A new subscription service for diverse and inclusive children’s books has launched in the UK.
Former Great Ormond Street Hospital employee Lynsey Pollard set up Little Box of Books because she struggled to find titles that reflected her family set-up. “I was a single mum to a now four-year-old and I couldn’t find any books with families like ours. Now my son has a step-dad and those stories are hard to find, too. Waterstones doesn’t index books in that way so when I would ask for books about single parents or step-dads they would say they didn’t know if they had any. I thought there was a business opportunity.”
Prices start from £18.99 for a month by month subscription, for which the buyer gets two books, learning guides, puzzles, a reading record and a free gift. Or they can pay for a six-month subscription for four books, plus the extras, which works out at £26.00 per month. For every box bought, one title will be donated to Doorstep Library, which gives books to children in disadvantaged areas of London.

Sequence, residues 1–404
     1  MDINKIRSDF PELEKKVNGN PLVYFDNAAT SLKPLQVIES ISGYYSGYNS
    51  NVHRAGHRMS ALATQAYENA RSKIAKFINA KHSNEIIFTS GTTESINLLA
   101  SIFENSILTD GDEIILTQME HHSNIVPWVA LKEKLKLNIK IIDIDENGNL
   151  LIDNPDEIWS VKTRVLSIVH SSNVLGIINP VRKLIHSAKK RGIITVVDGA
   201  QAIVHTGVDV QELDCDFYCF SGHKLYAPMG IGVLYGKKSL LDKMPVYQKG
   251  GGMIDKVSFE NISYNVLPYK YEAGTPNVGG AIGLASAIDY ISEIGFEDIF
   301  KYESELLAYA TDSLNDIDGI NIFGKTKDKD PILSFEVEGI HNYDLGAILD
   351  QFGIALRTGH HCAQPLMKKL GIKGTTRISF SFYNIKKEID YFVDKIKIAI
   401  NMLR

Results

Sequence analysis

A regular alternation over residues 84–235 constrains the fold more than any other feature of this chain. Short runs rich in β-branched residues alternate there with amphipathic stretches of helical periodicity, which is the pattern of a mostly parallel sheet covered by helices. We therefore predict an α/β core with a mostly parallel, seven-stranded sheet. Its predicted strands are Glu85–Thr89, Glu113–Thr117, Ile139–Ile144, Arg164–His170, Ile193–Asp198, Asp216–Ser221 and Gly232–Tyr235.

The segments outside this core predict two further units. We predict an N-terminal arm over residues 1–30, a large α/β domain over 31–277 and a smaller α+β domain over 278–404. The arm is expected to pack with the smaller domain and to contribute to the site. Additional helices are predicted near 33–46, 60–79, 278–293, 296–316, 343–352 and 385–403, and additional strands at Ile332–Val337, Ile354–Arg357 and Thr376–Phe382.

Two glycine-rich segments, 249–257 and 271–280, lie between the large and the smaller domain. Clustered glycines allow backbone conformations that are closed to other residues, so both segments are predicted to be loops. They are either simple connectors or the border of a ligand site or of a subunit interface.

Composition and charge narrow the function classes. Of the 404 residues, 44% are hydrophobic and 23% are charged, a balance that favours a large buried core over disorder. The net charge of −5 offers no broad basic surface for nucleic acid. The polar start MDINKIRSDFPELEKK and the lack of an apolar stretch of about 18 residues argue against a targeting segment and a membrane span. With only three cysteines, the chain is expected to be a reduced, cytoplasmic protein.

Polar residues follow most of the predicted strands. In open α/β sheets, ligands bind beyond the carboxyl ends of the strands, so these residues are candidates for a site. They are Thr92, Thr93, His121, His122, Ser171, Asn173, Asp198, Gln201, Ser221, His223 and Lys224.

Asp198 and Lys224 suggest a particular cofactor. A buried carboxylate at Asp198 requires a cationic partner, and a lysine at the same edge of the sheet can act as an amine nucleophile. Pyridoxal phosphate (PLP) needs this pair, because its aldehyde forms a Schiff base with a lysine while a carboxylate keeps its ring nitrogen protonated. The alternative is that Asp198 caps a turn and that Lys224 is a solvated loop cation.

Buyers can sign up via the website and receive 10% off their first order using the code WELCOME10.
“There are so many wonderful initiatives out there to publish diverse books but they need to reach readers,” said Pollard. “We want to sell books to people who aren’t necessarily looking for ‘diverse books’, they just want great books to read.”
Pollard selects the books herself but takes recommendations from publishers and sales reps, and will consider self-published titles if they fit the brief. She then tests the books with a local school in Brixton before deciding which ones to put in the boxes.
“We want to build up our subscribers to show publishers we need more diverse books,” she added. “There could be more books where the mum has a job, and stories about children in wheelchairs still feel very niche. Girls in headscarves are still not made the protagonists of stories unless that story is about their religion or culture. They are not allowed to be just children and do normal, childhood things.”
The launch of Little Box of Books comes a week after a study revealed that only 4% of all the children’s books published in the UK last year featured a black, Asian or minority ethnic (BAME) character.
The study was carried out by the Centre for Literacy in Primary Education, which said only 391 of the 9,115 children’s books published last year had a BAME character, and only 1% of the books had a BAME main character.